Les recettes fiscales perçues dans les économies avancées ont continué de croître par rapport aux niveaux sans précédent atteints l’an dernier et, selon les tout derniers travaux de l’OCDE, les impôts sur les revenus du travail et sur la consommation représentent une part croissante des recettes fiscales totales.
En 2014, les ratios impôts/PIB de l’Indonésie, de la Malaisie, des Philippines et de Singapour étaient inférieurs à 17% du PIB alors que la Corée et le Japon, ont tous deux affiché des ratios impôts/PIB supérieurs à 24%, selon de nouvelles données publiées dans la troisième édition de la publication annuelle de l'OCDE Revenue Statistics in Asian Countries.
This publication compiles comparable tax revenue statistics for Indonesia, Japan, Korea, Malaysia, the Philippines and Singapore. The model is the OECD Revenue Statistics database – a fundamental reference, backed by a well-established methodology, for OECD member countries. Extending the OECD methodology to Asian countries enables comparisons about tax levels and tax structures on a consistent basis, both among Asian economies and between OECD and Asian economies. This work has been is jointly undertaken by the OECD Centre for Tax Policy and Administration and the OECD Development Centre.
La charge fiscale et les recettes de l'impôt collectées dans les pays de l'OCDE atteignent des niveaux sans précédent depuis la crise financière mondiale. Néanmoins, la structure fiscale varie considérablement d'une économie avancée à l'autre.
This paper explores the practical challenges tax policy analysts face when trying to apply differential taxation to “normal” and “excess” returns. The distinction between these two elements is being increasingly used in tax policy. The problem is that there is no clear definition for a “normal” return.
The OECD received a strong endorsement from both the G20 Leaders and Finance Ministers to work on solutions to support certainty in the tax system with the aim to promote investment, trade and balanced growth. As part of a wider project, the OECD launches a Business Survey to invite businesses and other stakeholders to contribute their views on tax certainty.
This new high profile report provides details of taxes paid on wages in twenty economies in Latin America and the Caribbean. It covers: personal income taxes and social security contributions paid by employees; social security contributions and payroll taxes paid by employers; cash benefits received by in-work families.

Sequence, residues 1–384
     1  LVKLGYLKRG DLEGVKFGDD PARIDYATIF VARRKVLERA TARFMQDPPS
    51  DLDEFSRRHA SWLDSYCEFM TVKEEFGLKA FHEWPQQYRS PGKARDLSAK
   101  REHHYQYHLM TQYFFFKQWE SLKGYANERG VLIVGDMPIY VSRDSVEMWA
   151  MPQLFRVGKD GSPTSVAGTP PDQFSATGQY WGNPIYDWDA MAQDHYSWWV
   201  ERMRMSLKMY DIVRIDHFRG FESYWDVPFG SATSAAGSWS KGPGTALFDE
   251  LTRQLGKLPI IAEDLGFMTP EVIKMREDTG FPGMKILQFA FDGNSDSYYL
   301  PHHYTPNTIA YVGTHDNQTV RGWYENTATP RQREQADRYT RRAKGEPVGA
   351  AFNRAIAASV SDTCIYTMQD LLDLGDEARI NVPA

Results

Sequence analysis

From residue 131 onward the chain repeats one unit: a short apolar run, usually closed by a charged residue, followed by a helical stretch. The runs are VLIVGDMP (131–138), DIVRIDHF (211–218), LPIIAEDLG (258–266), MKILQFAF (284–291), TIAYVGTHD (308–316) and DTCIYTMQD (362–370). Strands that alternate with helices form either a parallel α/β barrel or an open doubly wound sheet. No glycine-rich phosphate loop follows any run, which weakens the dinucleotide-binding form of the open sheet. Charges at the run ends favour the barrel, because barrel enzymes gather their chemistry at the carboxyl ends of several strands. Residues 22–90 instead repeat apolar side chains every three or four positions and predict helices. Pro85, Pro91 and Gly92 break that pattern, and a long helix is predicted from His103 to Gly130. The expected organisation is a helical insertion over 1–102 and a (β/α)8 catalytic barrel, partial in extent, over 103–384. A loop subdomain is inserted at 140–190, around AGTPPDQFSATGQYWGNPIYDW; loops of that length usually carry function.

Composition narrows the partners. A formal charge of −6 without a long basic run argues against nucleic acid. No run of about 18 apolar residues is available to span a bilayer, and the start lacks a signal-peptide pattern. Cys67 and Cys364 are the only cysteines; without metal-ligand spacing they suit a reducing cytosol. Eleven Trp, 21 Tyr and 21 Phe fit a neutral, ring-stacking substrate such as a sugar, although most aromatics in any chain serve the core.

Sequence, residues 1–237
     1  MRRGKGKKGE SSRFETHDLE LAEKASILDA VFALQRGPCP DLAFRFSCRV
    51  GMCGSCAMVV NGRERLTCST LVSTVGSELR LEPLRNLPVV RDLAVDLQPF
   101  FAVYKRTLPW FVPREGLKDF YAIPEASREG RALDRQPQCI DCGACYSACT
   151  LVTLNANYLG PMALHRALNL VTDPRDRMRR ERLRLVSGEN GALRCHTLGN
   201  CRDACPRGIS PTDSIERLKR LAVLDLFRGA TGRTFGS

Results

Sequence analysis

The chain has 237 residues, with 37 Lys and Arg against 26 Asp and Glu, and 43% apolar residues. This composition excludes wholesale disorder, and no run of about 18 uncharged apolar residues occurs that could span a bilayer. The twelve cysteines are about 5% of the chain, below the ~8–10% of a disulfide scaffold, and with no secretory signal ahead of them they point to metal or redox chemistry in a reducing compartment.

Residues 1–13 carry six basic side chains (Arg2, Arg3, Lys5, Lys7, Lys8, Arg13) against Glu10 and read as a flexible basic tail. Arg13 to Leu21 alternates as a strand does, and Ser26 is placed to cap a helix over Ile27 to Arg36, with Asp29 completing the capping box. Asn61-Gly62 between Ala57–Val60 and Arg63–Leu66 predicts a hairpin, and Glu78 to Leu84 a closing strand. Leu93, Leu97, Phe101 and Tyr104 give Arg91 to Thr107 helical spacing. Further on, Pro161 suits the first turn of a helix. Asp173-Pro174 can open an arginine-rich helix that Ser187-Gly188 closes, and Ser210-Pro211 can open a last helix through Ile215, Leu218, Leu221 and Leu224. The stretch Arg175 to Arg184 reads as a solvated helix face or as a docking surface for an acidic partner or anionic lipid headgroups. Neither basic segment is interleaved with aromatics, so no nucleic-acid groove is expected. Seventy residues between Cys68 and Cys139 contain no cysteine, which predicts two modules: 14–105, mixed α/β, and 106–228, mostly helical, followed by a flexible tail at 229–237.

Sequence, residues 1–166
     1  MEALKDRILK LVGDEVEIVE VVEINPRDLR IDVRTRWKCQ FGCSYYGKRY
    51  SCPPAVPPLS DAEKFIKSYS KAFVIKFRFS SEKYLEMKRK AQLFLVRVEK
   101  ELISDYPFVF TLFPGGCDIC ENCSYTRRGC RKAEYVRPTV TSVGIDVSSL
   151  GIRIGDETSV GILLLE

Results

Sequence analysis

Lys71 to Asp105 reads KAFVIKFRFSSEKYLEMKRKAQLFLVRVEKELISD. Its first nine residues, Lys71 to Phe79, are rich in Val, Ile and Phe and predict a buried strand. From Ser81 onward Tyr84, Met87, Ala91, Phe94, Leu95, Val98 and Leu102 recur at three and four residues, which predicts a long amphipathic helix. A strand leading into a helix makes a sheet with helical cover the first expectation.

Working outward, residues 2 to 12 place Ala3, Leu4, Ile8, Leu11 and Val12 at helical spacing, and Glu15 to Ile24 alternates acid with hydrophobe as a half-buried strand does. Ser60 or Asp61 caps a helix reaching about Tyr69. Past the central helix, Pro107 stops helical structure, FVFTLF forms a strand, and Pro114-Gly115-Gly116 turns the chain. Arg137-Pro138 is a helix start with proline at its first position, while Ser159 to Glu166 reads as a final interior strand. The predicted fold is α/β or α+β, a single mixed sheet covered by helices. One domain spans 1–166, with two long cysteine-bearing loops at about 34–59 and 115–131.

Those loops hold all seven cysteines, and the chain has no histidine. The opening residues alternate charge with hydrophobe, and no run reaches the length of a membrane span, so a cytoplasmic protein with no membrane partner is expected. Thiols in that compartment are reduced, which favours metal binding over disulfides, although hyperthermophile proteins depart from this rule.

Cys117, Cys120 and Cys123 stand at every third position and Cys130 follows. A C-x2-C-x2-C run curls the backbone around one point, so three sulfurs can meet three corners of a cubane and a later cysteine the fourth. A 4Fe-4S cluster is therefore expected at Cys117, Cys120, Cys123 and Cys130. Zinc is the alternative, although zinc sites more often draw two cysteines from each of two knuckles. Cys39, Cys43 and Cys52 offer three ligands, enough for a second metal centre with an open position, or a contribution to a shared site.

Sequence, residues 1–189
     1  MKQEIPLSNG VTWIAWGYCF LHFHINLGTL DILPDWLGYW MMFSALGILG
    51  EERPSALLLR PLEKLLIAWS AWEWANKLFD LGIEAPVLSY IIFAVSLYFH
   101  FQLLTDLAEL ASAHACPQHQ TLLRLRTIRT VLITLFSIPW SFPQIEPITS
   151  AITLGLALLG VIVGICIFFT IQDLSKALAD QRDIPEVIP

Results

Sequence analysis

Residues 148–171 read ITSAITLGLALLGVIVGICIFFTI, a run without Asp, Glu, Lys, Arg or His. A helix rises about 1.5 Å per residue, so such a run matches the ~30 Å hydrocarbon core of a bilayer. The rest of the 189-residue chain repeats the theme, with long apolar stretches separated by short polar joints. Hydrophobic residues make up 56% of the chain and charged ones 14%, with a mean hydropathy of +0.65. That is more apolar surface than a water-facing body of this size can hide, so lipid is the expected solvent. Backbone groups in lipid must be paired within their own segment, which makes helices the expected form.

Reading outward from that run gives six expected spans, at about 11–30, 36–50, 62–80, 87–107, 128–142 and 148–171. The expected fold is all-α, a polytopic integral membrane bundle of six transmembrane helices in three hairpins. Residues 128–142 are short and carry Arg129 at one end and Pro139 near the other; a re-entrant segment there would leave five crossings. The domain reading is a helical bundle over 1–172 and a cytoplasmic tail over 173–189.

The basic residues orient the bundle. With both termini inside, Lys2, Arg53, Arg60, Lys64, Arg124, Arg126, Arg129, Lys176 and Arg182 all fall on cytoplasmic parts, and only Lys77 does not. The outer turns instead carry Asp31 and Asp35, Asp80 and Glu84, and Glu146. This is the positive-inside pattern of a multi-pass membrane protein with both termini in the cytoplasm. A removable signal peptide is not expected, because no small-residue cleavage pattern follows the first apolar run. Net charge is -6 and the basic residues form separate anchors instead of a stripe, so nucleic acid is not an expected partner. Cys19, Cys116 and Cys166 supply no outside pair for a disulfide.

It illustrates how these taxes and benefits are calculated in each member country and examines how they impact on household incomes. The results also enable quantitative cross-country comparisons of labour cost levels and the overall tax and benefit position of single persons and families on different levels of earnings.
The publication shows the amounts of taxes and social security contributions levied and cash benefits received for eight different family types which vary by a combination of household composition and household type. It also presents the resulting average and marginal tax rates (i.e. the tax burden). Average tax rates show that part of gross wage earnings or total labour costs which is taken in tax and social security contributions (both before and after cash benefits). Marginal tax rates show the part of a small increase of gross earnings or total labour costs that is paid in these levies.
The data presented can be used in academic research and to analyse tax, social and economic policies in Latin America and the Caribbean.
To tackle climate change, CO2 emissions need to be cut. Pricing carbon is one of the most effective and lowest-cost ways of inducing such cuts. This report presents the first full analysis of the use of carbon pricing on energy in 41 OECD and G20 economies, covering 80% of global energy use and of CO2 emissions. The analysis takes a comprehensive view of carbon prices, including specific taxes on energy use, carbon taxes and tradable emission permit prices. It shows the entire distribution of effective carbon rates by country and the composition of effective carbon rates by six economic sectors within each country. Carbon prices are seen to be often very low, but some countries price significant shares of their carbon emissions. The ‘carbon pricing gap’, a synthetic indicator showing the extent to which effective carbon rates fall short of pricing emissions at EUR 30 per tonne, the low-end estimate of the cost of carbon used in this study, sheds light on potential ways of strengthening carbon pricing.
Les prix du carbone actuels ne sont pas au niveau qui devrait être le leur pour faire baisser les émissions de gaz à effet de serre responsables du changement climatique. Pourtant, même des hausses de prix modérées pourraient avoir un impact notable, comme le souligne une nouvelle étude de l’OCDE.
English, PDF, 512kb
This country note provides an environmental tax and carbon pricing profile for Iceland. It shows environmentally related tax revenues, taxes on energy use and effective carbon rates.